If a Jehovah's Witness were to persist on this point, one might ask him why the NWT doesn't consistently translate theos without the article as "a god." R. H. Countess noted that of the 282 occurrences of the anarthrous theos in the New Testament, the NWT translates it "a god," "god(s)," or "godly" only 16 times. That means that the NWT held to the same standard that they demand in John 1:1 only six percent of the time.
[6] In fact, you don't even have to leave John's prologue to find these inconsistencies, because the anarthrous theos occurs five other times in John 1:1-18. But you'll never see any one of those occurrences translated as "a god" by the NWT. That inconsistency speaks volumes.

And so, the unadulterated testimony of the original language wholly supports an orthodox Christology.

Even if You Don't Know Greek

Yet here again you could make a case for Christ's deity even without the use of the Greek. If we were to understand John 1:1 as teaching that Jesus was merely a god among gods (which itself is polytheism), how could we understand Isaiah 44:24? That passage reads: "I, the LORD, am the maker of all things, Stretching out the heavens by Myself And spreading out the earth all alone" (NAU).

Here we have testimony that Yahweh is the only one who participated in creation. He did it "by Myself" and "all alone." But then we have the testimony of John 1:1-3 and Colossians 1:16, which say that Jesus participated in creation. Thus if (a) Yahweh is the only one who participated in creation, and (b) Jesus participated in creation, then we must conclude that Jesus is Yahweh.

But even if you didn't want to go to Isaiah 44, you could make the case for Christ's deity without even leaving these opening verses of John's Gospel! Take note of the seemingly redundant phrase in 1:3 "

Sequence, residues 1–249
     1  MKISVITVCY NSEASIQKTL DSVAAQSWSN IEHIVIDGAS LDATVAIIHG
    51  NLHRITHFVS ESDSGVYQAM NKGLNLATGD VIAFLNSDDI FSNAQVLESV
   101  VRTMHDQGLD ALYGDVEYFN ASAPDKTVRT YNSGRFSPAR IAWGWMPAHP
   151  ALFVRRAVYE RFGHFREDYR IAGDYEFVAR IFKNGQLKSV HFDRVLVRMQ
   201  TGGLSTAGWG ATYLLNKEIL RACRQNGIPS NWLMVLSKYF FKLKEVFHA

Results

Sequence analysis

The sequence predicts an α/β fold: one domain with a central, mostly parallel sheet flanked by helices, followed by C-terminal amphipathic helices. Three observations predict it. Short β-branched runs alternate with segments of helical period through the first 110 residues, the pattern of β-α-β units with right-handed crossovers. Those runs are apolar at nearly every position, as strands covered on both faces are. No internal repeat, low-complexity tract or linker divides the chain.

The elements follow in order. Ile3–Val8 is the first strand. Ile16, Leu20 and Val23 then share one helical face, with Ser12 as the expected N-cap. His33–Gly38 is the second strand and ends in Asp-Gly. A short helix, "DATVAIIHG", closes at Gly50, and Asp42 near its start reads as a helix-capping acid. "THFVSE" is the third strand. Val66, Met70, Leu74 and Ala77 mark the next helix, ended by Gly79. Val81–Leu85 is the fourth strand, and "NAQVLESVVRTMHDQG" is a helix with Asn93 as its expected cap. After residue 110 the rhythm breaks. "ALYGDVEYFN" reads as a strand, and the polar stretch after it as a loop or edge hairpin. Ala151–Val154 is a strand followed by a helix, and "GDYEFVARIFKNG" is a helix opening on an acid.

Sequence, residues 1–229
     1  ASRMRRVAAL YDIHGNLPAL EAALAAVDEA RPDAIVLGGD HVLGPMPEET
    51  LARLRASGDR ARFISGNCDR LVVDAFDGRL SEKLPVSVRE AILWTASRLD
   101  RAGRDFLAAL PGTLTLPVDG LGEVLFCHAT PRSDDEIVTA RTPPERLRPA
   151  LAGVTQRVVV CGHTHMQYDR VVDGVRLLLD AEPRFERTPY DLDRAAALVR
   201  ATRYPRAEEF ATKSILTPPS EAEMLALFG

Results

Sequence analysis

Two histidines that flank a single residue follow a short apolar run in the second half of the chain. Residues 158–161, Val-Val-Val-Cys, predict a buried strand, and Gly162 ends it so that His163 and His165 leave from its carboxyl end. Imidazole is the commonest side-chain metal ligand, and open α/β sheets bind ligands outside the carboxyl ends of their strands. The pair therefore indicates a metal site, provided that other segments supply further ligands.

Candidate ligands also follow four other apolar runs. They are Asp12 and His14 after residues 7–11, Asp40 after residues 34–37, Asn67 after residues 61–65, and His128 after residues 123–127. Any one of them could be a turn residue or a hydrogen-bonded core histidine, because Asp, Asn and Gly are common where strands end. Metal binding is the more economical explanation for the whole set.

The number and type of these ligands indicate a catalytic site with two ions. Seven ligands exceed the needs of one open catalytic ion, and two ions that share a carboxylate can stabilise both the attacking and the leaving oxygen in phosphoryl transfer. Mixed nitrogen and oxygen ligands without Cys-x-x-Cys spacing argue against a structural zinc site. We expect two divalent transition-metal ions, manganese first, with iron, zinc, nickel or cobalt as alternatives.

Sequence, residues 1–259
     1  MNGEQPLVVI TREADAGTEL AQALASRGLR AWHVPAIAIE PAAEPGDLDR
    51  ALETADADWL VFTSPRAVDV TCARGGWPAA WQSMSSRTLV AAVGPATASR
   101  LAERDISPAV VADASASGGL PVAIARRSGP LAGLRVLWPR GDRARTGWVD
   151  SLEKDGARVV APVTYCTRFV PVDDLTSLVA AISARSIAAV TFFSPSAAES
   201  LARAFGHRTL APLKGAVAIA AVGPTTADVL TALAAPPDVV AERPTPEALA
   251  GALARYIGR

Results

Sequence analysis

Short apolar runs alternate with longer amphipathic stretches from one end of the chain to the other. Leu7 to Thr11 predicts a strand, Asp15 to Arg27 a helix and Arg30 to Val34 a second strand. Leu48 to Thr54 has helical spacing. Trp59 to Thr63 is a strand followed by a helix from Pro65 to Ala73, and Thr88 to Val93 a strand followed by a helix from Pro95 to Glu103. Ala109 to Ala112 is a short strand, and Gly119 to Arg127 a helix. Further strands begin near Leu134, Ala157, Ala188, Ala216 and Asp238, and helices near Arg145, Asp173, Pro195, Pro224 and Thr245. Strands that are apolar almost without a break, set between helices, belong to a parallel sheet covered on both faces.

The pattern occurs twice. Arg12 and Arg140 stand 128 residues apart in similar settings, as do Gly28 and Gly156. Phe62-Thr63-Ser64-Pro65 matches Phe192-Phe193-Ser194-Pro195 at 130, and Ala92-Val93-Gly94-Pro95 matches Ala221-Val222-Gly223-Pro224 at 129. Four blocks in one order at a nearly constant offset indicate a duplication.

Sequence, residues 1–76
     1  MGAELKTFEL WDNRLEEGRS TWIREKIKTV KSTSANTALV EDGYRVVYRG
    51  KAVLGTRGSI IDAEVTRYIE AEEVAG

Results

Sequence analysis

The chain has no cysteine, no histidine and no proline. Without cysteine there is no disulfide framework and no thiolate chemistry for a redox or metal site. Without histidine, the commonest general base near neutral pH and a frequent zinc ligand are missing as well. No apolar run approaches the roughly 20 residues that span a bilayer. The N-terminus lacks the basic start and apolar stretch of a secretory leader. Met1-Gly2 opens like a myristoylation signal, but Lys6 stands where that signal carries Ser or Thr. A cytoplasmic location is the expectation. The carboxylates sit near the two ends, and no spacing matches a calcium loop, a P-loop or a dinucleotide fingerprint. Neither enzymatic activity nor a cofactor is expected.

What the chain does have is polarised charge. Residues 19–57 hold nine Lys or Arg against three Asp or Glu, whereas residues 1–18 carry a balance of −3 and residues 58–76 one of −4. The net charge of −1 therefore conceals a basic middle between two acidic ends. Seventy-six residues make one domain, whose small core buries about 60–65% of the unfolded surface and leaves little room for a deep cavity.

All things were made through him, and without him was not any thing made that was made" (ESV). This seems like a strange way to speak, but it is perfectly suited to disprove the Jehovah’s Witnesses’ Christology. They contend that Christ was the first of created beings who then was the instrument of the rest of creation. The “all things” that were made through Him did not include Himself.[7]

Yet John’s redundancy will not allow this. The final three words of John 1:3 make it absolutely clear that Jesus does not belong to this category of created things, for nothing that was made was made without Him. He made everything in the category of “made.” And because it is absurd to assert that one could take part in creating himself, Jesus was not in that category of "made." Jesus was not created, but is the uncreated Creator.

[1] The Greek phrase is: kai theos ēn ho logos; literally, “and God was the Word.” Even though “the Word” (ho logos) comes after the verb (ēn), it is the subject; and even though “God” (theos) comes before the verb, it is the predicate. Cf. Wallace, Greek Grammar, 40–48.

Wallace, Greek Grammar, 262: “An anarthrous pre-verbal PN is…only rarely indefinite.”

Ibid., 257, 260: “A definite PN that precedes the verb is usually anarthrous.”

[4] D. A. Carson, The Gospel According to John, PNTC (Grand Rapids: Eerdman’s Publishing, 1991), 117.

[5] Wallace, Greek Grammar, 269, emphases in original.

[6] R. H. Countess, The Jehovah’s Witnesses’ New Testament: A Critical Analysis of the New World Translation of the Christian Greek Scriptures (Phillipsburg, NJ: P&R Publishing, 1982), 54–55.

[7] Let God Be True (Brooklyn, NY: Watchtower Bible and Tract Society, 1952), 33. Compare this with the unwarranted insertions of the word “other” in the NWT of Colossians 1:16.

No comments: